In the lead-up to the Convention on Biological Diversity summit this year, a campaign to expand protected area (PA) coverage to at least 30% of the planet’s surface by the year 2030 is gaining steam. It is also focusing attention on how existing PAs, especially those in developing countries, function.
Tropical countries that host more than half of animal and plant species are often poor. More than a fifth of Uganda’s population lives below the poverty line. It falls on communities living around PAs to secure the wildlife. They also bear the heaviest costs by giving up access to traditional resources.
The 1982 World Parks Congress in Bali, Indonesia, marked a pivot away from the “fortress” model of conservation that excluded resident communities and toward approaches that incorporate the well-being of people who live near PAs. As yet, evidence about how well these approaches work is patchy.
“It’s really good that the authors have tried to pull together data on wildlife trends, patrolling and socioeconomics in the same study,” said Rob Critchlow, from the University of York in the U.K., who was not involved with the new research. “This rarely happens.”
Kibale National Park hosts one of the longest-running research stations anywhere in Africa, primarily because of the enduring fascination with our closest cousins: chimpanzees. It’s one of the few places where long-term data for these parameters are available.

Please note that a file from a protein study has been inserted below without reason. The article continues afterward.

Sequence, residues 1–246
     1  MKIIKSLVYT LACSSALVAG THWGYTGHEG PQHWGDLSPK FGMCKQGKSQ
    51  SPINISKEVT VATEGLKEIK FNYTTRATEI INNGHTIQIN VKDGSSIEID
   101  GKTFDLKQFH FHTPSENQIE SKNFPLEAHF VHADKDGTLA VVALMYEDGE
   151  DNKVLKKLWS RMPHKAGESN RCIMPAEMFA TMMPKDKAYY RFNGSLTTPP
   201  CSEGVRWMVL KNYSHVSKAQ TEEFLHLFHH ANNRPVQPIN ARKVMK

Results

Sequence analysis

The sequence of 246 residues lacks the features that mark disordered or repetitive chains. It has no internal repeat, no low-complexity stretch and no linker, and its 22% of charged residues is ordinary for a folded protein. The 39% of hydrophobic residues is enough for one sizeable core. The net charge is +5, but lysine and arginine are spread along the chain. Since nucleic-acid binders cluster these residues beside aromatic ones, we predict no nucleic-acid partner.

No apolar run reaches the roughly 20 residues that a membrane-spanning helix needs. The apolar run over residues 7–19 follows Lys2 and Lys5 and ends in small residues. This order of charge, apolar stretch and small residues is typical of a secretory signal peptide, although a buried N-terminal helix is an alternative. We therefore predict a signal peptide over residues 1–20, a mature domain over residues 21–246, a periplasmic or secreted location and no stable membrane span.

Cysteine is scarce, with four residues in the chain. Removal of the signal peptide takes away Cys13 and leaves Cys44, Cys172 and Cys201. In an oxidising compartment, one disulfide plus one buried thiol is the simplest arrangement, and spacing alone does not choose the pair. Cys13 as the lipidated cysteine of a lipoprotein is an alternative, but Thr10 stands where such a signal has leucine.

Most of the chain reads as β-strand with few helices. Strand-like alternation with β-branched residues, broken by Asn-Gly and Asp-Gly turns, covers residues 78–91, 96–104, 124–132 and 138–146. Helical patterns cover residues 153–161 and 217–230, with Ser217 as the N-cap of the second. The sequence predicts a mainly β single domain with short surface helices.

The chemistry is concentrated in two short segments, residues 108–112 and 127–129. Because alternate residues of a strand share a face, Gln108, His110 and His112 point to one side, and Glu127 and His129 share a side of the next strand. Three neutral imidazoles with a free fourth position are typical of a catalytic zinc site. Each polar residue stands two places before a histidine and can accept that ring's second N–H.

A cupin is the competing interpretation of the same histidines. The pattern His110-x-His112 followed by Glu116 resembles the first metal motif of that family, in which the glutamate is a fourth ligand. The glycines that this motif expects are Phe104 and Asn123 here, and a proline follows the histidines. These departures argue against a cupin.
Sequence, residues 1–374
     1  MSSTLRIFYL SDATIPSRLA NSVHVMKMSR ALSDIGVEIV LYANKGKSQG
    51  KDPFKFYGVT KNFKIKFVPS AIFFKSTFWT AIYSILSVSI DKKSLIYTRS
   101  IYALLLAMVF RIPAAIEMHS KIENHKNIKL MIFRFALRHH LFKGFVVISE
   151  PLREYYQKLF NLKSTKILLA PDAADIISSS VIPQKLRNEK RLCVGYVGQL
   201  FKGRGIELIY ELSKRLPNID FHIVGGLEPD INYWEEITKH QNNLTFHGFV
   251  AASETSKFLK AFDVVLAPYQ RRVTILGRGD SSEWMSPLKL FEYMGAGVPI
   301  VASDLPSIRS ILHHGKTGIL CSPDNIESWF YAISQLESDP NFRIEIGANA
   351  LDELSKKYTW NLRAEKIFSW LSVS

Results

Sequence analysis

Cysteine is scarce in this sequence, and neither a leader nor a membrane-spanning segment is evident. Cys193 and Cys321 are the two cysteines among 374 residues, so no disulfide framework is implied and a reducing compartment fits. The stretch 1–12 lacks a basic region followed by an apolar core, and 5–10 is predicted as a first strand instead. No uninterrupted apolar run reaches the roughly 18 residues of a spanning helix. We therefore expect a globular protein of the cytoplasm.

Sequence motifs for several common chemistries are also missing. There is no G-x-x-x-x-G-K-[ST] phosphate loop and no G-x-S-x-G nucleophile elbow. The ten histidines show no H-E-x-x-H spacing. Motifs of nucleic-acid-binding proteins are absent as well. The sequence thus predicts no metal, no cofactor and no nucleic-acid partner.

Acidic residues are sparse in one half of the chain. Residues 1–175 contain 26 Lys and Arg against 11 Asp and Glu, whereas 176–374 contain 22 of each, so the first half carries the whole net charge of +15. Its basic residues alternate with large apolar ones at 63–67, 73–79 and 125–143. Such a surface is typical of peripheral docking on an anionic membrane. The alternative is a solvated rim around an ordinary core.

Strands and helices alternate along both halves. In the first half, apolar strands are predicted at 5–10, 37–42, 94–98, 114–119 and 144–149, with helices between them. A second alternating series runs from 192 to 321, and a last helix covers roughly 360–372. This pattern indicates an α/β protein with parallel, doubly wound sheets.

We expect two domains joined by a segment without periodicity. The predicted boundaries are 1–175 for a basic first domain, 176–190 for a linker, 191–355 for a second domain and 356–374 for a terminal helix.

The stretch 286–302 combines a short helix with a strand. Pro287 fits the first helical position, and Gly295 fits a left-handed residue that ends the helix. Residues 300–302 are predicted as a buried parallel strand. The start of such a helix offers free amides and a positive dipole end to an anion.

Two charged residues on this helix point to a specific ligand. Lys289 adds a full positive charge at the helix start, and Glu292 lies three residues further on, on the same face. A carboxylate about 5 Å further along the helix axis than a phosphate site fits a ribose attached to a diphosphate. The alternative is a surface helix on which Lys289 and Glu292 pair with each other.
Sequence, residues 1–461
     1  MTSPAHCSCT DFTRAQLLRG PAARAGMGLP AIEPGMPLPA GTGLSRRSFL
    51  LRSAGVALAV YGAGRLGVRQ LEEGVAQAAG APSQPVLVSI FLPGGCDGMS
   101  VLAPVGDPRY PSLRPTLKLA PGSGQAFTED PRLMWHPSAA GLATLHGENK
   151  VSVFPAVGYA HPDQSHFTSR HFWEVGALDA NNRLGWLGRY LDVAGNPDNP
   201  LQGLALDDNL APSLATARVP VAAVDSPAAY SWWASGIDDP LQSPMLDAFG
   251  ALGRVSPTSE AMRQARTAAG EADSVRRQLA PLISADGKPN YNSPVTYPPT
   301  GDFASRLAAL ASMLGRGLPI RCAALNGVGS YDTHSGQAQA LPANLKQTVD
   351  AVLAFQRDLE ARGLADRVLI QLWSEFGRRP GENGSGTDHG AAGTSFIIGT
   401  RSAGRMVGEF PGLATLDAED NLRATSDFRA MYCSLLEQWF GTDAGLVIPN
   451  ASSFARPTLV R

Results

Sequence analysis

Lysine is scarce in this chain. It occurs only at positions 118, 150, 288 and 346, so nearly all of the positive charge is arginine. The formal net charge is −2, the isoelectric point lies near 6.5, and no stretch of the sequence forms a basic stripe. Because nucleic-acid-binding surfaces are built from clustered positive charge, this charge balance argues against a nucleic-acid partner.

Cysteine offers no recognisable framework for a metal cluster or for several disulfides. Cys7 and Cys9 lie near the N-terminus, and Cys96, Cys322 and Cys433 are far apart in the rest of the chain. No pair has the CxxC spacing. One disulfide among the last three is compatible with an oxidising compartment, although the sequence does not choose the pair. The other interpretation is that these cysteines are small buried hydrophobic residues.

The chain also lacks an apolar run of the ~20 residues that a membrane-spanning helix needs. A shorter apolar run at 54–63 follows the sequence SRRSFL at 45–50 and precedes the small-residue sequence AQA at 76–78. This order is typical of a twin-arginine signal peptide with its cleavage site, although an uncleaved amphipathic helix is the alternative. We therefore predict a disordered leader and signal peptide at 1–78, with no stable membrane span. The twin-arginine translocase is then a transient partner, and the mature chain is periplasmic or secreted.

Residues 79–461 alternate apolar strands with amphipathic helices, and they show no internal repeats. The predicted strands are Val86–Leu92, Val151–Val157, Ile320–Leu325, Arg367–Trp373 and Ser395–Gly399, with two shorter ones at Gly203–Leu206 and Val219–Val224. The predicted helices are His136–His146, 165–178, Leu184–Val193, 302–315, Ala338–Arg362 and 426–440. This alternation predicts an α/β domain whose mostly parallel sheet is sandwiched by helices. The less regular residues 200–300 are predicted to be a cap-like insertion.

Forest guards in Kibale are equipped to record infractions by inputting GPS location and the type of activity, like the presence of snares or evidence of charcoal production, into an application. Sarkar, currently at Carleton University in Canada, has worked in the national park for several years, focusing on the intersection between geography and the environment.
In the new paper, Sarkar’s team used nearly 5,000 such records from 2006 to 2016 to map out where illegal activities occurred inside the park and how patterns changed over time. They analyzed how changes in patrolling efforts related to reported illegal activity, especially hunting.